Book review: The Group

Posted by Bel. The time is 1:49pm here in Wellington, NZ.

As always, I was influenced by the cover and was not hopeful about this book. I had to request it from stack and it was a bit battered, with loopy hand-drawn daisies on the front - a bit 'flower power' and not reminiscent of the educated and privileged 1930s setting I was about to immerse myself in.

The Group opens with a wedding and ends with a funeral, covering a hectic decade in between, seen through a shifting prism of eight lives. The group of young American women have just finished college (Vassar, which doesn't mean much to me, but I've learnt is quite small and exclusive) and are on the cusp of adulthood in its various incarnations.

The book is startlingly modern and easy to read, with a humour that has lasted well. Anyone that has had a group of close female friends will relate to woven relationships, gossip and assignment of roles that goes with the territory. And although I say 'modern' some of the most interesting aspects of the book come from observing the dramatic changes in society that have happened so rapidly.

At the opening of the book, one character (Libby? Dottie? Helena? I forget. I'm a shocker with ensemble casts.) is directed by her lover to seek out contraception. This is a mortifying prospect and she discusses with a friend that they are fortunate it is even legal in their state. The only option is to be fitted with a diaphragm, a complicated and uncomfortable procedure in that day and age - especially thanks to the unfeeling male doctor.

Other issues, such as the occasional nonchalant anti-Semitism, underline how much times have changed.

Although this book is dominated by female narrative, the men in their lives play an important part. One woman marries the wrong man, despite their creative affinities, and has to battle through their disaster zone of a marriage. The parents of another decide to split and her dad moves into her New York apartment with her, becoming liberally politicised and annoying her with what we would call his glaringly obvious 'mid-life crisis'. Another casts aside men altogether, returning from years spent in Europe with a lesbian partner at her side.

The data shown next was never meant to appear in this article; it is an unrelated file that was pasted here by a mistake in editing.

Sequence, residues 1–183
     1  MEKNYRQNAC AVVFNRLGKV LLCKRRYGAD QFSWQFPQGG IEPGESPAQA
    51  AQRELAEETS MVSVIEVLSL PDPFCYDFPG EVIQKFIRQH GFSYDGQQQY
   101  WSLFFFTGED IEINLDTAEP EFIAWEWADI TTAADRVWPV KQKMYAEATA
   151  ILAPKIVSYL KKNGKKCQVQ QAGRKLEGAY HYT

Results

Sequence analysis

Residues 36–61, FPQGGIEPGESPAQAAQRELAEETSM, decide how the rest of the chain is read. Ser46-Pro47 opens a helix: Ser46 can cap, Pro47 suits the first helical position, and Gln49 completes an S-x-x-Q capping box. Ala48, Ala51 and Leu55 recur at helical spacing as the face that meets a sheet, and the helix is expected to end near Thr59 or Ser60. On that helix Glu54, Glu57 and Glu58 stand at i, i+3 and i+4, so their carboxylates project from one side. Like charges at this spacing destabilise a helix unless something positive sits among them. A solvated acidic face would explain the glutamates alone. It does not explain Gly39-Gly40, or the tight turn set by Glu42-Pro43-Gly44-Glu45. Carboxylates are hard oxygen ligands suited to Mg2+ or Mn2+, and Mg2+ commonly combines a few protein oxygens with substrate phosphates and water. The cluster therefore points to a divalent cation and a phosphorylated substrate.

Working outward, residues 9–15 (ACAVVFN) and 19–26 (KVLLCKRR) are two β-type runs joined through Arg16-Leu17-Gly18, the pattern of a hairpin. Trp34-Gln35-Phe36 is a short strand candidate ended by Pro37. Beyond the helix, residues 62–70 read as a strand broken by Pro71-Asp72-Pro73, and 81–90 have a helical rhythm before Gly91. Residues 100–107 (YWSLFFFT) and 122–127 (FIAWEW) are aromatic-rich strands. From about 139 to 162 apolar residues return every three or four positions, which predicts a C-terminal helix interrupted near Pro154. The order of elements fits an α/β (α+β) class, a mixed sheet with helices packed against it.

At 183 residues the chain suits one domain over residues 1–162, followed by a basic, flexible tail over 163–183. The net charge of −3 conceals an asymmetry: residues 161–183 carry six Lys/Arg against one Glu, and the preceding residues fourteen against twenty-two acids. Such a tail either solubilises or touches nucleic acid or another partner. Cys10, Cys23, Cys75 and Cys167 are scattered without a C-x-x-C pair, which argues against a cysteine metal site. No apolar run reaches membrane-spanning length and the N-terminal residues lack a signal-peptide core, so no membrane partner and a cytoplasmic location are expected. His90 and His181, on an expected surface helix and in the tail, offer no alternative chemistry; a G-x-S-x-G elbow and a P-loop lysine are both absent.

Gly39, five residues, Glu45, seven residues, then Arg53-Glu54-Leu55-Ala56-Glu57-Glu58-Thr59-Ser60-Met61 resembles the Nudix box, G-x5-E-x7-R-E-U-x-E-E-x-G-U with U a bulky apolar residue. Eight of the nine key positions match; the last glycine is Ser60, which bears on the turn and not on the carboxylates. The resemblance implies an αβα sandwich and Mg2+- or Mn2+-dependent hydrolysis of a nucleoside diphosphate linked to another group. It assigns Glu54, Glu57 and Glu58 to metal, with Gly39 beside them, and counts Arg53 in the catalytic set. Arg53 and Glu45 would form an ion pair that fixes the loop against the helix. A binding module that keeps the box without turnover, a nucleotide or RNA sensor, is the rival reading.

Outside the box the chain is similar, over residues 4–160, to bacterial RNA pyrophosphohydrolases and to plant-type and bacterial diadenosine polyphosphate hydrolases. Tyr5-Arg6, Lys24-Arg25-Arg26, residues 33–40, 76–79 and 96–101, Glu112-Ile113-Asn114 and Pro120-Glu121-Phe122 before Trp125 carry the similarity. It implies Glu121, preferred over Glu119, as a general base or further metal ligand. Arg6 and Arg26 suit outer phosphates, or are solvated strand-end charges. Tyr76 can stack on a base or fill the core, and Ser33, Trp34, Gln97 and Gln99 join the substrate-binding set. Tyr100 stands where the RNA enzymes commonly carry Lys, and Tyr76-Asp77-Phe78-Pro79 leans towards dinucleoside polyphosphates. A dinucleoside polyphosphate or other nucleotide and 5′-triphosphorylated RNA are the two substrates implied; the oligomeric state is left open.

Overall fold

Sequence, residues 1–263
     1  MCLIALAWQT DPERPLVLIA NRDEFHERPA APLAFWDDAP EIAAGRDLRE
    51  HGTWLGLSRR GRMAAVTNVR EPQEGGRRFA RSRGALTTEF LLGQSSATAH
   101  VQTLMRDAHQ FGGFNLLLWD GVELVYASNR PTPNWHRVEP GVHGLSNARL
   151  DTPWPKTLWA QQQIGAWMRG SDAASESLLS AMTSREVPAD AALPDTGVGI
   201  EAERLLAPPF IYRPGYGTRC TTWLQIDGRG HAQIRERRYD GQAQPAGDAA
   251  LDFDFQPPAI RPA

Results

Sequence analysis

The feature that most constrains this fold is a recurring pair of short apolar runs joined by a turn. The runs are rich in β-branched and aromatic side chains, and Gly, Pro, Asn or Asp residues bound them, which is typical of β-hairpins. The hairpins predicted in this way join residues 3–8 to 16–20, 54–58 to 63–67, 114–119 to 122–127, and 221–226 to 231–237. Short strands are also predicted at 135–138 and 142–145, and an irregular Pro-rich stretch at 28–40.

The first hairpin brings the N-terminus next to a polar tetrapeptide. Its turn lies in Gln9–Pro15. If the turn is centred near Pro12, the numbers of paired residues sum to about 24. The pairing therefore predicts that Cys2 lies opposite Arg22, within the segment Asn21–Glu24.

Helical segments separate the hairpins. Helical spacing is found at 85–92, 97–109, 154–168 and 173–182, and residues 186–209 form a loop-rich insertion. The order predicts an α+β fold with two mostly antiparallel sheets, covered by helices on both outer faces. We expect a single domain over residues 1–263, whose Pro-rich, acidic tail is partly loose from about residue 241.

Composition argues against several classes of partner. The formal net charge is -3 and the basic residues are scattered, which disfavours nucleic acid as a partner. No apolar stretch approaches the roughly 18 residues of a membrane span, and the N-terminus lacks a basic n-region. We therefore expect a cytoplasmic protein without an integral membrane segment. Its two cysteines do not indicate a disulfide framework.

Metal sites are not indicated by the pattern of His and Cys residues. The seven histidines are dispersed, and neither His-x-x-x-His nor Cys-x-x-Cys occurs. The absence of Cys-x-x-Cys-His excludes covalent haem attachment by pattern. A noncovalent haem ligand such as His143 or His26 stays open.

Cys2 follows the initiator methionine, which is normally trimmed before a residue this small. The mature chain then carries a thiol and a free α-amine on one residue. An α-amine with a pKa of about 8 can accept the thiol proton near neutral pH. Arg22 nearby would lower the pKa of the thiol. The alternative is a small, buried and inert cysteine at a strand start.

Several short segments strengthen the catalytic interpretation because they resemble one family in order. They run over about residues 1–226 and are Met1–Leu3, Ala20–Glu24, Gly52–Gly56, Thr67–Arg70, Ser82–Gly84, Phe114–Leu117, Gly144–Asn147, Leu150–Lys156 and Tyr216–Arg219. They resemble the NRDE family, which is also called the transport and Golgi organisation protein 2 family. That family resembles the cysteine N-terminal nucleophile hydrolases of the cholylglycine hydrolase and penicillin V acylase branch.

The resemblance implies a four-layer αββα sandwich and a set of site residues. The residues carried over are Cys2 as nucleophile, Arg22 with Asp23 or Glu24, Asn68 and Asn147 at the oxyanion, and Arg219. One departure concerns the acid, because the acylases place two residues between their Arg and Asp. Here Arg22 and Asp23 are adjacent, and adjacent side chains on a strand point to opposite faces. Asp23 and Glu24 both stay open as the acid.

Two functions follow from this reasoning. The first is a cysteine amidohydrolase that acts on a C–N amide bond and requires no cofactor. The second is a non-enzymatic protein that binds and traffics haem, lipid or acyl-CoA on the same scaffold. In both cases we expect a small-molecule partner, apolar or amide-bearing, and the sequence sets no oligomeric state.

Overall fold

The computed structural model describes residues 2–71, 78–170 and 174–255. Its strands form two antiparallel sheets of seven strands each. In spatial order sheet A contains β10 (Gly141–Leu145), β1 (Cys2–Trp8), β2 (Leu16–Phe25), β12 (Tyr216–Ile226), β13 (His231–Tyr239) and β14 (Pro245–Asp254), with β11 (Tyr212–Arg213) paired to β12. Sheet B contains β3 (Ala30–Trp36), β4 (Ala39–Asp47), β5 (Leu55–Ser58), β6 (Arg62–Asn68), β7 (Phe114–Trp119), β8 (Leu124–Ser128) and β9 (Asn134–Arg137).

Despite their education and privilege, the women in The Group don't come across as haughty or grating as you might expect. The Depression-era setting plays a big part, helping to make the ear and circumstances deeply resonant to today's "current economic climate".

After some googling, I've seen many comparisons made to Sex and The City, but those tarts don't have any of the depth and resilience of these women. The restrictions that kept them dominated and to being literally locked up in one case, were societal, not self-inflicted. Their aspirations are always for self-improvement - and not by way of consumerism.

Here are a couple of covers that popped up on the interwebs. This imagery I like, other than the candy coated colour corrected - but I suppose that goes hand-in-hand when Candace Bushnell has penned an introduction. They've even put her name into pink, in case anyone was still confused at this stage that this might not be a group of WOMEN we were all talking about.

This design I probably prefer - perhaps they could do a reissue with the photo from above with the cute leopard print coat and make my life complete?

The Group by Mary McCarthy. Highly recommended.
First published 1963. Set in New York, 1930s.
#39 from 'The List'

3 thoughts on “Book review: The Group”

  1. PS you do realise that when you're finished The List I'm gonna refine it down to the ones you highly recommend and just read them...